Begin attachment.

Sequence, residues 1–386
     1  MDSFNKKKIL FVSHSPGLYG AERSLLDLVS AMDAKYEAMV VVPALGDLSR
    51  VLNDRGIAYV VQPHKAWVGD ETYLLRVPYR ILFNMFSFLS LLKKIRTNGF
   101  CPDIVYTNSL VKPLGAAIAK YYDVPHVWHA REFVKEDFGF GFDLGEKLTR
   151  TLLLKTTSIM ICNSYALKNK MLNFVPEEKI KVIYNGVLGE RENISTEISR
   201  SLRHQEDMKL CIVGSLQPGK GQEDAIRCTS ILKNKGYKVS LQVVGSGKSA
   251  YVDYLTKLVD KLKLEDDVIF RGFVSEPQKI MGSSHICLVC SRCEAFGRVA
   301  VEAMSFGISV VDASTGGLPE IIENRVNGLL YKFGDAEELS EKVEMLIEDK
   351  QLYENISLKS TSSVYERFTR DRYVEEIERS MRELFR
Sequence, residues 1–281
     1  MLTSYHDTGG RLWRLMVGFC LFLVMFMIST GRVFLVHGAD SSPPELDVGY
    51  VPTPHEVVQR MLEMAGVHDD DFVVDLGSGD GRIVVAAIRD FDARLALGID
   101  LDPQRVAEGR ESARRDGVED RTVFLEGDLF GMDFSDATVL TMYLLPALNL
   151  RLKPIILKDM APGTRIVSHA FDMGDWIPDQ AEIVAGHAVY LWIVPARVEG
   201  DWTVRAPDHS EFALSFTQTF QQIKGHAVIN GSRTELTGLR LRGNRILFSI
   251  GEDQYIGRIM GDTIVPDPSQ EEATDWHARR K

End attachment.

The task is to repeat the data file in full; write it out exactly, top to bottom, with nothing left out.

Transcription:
Sequence, residues 1–386
     1  MDSFNKKKIL FVSHSPGLYG AERSLLDLVS AMDAKYEAMV VVPALGDLSR
    51  VLNDRGIAYV VQPHKAWVGD ETYLLRVPYR ILFNMFSFLS LLKKIRTNGF
   101  CPDIVYTNSL VKPLGAAIAK YYDVPHVWHA REFVKEDFGF GFDLGEKLTR
   151  TLLLKTTSIM ICNSYALKNK MLNFVPEEKI KVIYNGVLGE RENISTEISR
   201  SLRHQEDMKL CIVGSLQPGK GQEDAIRCTS ILKNKGYKVS LQVVGSGKSA
   251  YVDYLTKLVD KLKLEDDVIF RGFVSEPQKI MGSSHICLVC SRCEAFGRVA
   301  VEAMSFGISV VDASTGGLPE IIENRVNGLL YKFGDAEELS EKVEMLIEDK
   351  QLYENISLKS TSSVYERFTR DRYVEEIERS MRELFR
Sequence, residues 1–281
     1  MLTSYHDTGG RLWRLMVGFC LFLVMFMIST GRVFLVHGAD SSPPELDVGY
    51  VPTPHEVVQR MLEMAGVHDD DFVVDLGSGD GRIVVAAIRD FDARLALGID
   101  LDPQRVAEGR ESARRDGVED RTVFLEGDLF GMDFSDATVL TMYLLPALNL
   151  RLKPIILKDM APGTRIVSHA FDMGDWIPDQ AEIVAGHAVY LWIVPARVEG
   201  DWTVRAPDHS EFALSFTQTF QQIKGHAVIN GSRTELTGLR LRGNRILFSI
   251  GEDQYIGRIM GDTIVPDPSQ EEATDWHARR K